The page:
12-Year-Old Girl Who Survived Manchester Bombing Stunned by Royal Wedding Invitation


Amelia Thomson has endured what no 12-year-old child should ever have to go through, and the memories still haunt her dreams at night.

After she watched her uncle lose his battle with cancer and her father become so ill he had to go to intensive care, a friend bought Thomson and her mother tickets to the Ariana Grande concert in Manchester, England.

It was at this concert that 22 people were killed and hundreds of others were injured in the suicide bombing that happened moments after Grande finished her final song.

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“When the bomb exploded, I had an asthma attack. Well, a panic attack,” Thomson said. “My mom dragged me down.”

The little girl was surrounded by chaos and saw things that no one, adult or child, should ever have to see. Although doctors were able to heal her vocal cords that had been shredded from screaming, the trauma of the event still lives with the 12-year-old.

Since that day, Thomson has raised money for those affected by the tragic event, both physically and psychologically, and she is working with a therapy horse named Victor to get through the hard times.

Although Thomson is slowly healing, her mother nominated her for a ticket to the royal wedding when she heard that Prince Harry and Meghan Markle wanted to extend invitations to leaders in their communities.

A few weeks later, Thomson received an email that said she had been selected to attend the royal wedding.

“I started reading it and thought it was fake,” Thomson said. “I was just saying to my mom, ‘This isn’t real. This can’t be real.'”

But the email was very much real, and a few weeks later her printed invitation came in the mail. Unlike traditional wedding invitations, it said that Thomson should think about bringing her own lunch and chair.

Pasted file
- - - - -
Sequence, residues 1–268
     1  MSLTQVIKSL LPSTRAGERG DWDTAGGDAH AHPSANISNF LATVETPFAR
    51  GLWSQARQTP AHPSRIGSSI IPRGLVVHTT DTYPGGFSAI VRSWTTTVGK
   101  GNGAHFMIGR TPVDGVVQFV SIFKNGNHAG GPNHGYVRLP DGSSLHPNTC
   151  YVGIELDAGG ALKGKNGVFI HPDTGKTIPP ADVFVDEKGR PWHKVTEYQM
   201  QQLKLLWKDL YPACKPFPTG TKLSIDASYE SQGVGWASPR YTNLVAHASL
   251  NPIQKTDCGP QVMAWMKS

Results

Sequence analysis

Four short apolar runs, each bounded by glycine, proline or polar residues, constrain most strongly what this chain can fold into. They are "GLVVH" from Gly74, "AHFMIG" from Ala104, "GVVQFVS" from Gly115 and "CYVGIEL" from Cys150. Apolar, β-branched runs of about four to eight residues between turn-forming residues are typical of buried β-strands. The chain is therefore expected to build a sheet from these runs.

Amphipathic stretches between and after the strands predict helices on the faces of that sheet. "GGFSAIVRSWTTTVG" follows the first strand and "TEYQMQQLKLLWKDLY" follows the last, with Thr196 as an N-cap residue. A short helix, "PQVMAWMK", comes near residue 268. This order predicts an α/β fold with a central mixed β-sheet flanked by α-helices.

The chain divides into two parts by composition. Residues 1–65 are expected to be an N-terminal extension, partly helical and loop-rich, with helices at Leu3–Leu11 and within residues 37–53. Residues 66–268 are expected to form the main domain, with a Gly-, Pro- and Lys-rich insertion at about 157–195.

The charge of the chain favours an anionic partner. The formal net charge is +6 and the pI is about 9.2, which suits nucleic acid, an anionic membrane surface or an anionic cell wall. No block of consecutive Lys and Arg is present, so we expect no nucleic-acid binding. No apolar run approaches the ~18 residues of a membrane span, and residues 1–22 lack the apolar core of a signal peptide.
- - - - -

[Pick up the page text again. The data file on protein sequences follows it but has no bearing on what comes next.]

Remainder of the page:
The 12-year-old also gets to bring a “plus one,” and although she is close with her mom, she wanted to bring someone else who Thomson has been growing close to.

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Sharon Goodman lost her 15-year-old granddaughter, Olivia Campbell-Hardy, in the bombing, and Thomson knows that Goodman sees a bit of Olivia inside her. Thomson tries not to ever cry in front of the elderly woman.

“She does the same with me and, like, we have now formed a special bond that we can just chat,” Thomson said. The unlikely pair will be attending the wedding together.

Thomson said that she is inspired by the way Prince Harry coped with his own tragedy during his childhood when his mother died in a car crash.

“He was open about his mum, which is why it kind of made me feel a bit more open about my feelings and how I might feel in life after the bombing.”

Thomson’s mom is glad that her little girl is worrying about things such as what dress she is going to wear to the wedding instead of the tragedy that haunts her life.

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Erin Coates was an editor for The Western Journal for over two years before becoming a news writer. A University of Oregon graduate, Erin has conducted research in data journalism and contributed to various publications as a writer and editor.
Erin Coates was an editor for The Western Journal for over two years before becoming a news writer. She grew up in San Diego, California, proceeding to attend the University of Oregon and graduate with honors holding a degree in journalism. During her time in Oregon, Erin was an associate editor for Ethos Magazine and a freelance writer for Eugene Magazine. She has conducted research in data journalism, which has been published in the book “Data Journalism: Past, Present and Future.” Erin is an avid runner with a heart for encouraging young girls and has served as a coach for the organization Girls on the Run. As a writer and editor, Erin strives to promote social dialogue and tell the story of those around her.
Tucson, Arizona
Graduated with Honors
Bachelor of Arts in Journalism, University of Oregon
Books Written
Contributor for Data Journalism: Past, Present and Future
Prescott, Arizona
Languages Spoken
English, French
Topics of Expertise
Politics, Health, Entertainment, Faith